About Us

We are the Laboratory for Bioanalytical Spectroscopy, and the research team leader is Roy Goodacre.

We also working within the Centre for Metabolomics Research.

We are a team of researchers and details of our multidisciplinary group can be found under the members tab.  We are currently based in the Institute of Integrative Biology, University of Liverpool.

Our research interests are broadly within analytical biotechnology, including disease diagnostics, detection, imaging and food security, as well as systems and synthetic biology. We are excited to work at the trisection of analytical chemistry, biology and computation.

We have pioneered the development of a variety of bioanalytical techniques and these include:

  • Modern mass spectrometry techniques for metabolomics. Initially we focused on direct infusion and flow injection MS. We now concentrate on GC-MS and LC-MS.
  • A wide variety of Raman spectroscopies including surface enhanced Raman scattering (SERS), Raman imaging/mapping, as well as deep UV resonance Raman (UVRR) spectroscopy.
  • Fourier transform infared (FT-IR) spectroscopy for high-throughput phenotyping.
  • Volatile organic compound (VOC) analysis via thermal desorption GC-MS.

These techniques are combined with advanced chemometrics and our activities in this area include:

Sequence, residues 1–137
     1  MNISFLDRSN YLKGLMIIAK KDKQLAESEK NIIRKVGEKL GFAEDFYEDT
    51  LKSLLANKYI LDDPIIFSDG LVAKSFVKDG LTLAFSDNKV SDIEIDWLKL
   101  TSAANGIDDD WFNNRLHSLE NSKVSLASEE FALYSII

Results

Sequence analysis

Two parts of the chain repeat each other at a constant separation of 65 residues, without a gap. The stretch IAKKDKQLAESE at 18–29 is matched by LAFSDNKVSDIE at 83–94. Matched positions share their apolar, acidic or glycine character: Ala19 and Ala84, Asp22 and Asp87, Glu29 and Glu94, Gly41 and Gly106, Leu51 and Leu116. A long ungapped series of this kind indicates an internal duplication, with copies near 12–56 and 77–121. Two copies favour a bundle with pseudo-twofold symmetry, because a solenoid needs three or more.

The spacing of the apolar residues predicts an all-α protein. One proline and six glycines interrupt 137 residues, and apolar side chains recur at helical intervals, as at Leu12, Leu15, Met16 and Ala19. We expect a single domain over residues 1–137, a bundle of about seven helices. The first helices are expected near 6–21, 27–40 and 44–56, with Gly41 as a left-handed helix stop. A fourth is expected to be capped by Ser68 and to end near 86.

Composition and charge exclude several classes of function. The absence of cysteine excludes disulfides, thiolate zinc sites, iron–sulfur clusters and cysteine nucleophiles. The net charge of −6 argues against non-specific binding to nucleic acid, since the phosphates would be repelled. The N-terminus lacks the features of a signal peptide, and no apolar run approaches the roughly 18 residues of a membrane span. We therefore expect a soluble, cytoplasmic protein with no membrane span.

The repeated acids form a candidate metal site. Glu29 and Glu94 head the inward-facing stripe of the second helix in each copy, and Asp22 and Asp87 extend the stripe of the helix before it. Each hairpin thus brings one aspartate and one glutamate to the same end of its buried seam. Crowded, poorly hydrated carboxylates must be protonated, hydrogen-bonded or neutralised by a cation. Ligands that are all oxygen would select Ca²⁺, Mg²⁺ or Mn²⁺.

• Traditional methods like PCA, HCA, DFA (LDA/CVA), PLSR, PLSDA.
  • Multiblock approaches.
  • Procrustes analysis.
  • Design of Experiments (DoE) including fractional factorial analysis, genetic algorithms, Pareto optimality.
  • And we don’t forget that validation is essential and we achieve this via resampling: k-fold cross validation, bootstrapping incorporating permutation testing.

Finally, we exploit these powerful combinations of analytics and computation in the following areas:

  • Bacterial characterization including discrimination and rapid identification.
  • Chemical imaging of cells/tissues and drug locations
  • Food Security – food adulteration and food safety.
  • Breathomics for detection of ventilator associated pneumonia.
  • Disease diagnostic in man.
  • Analysis of trace levels of toxicants, drugs of abuse etc., from human bio-fluids.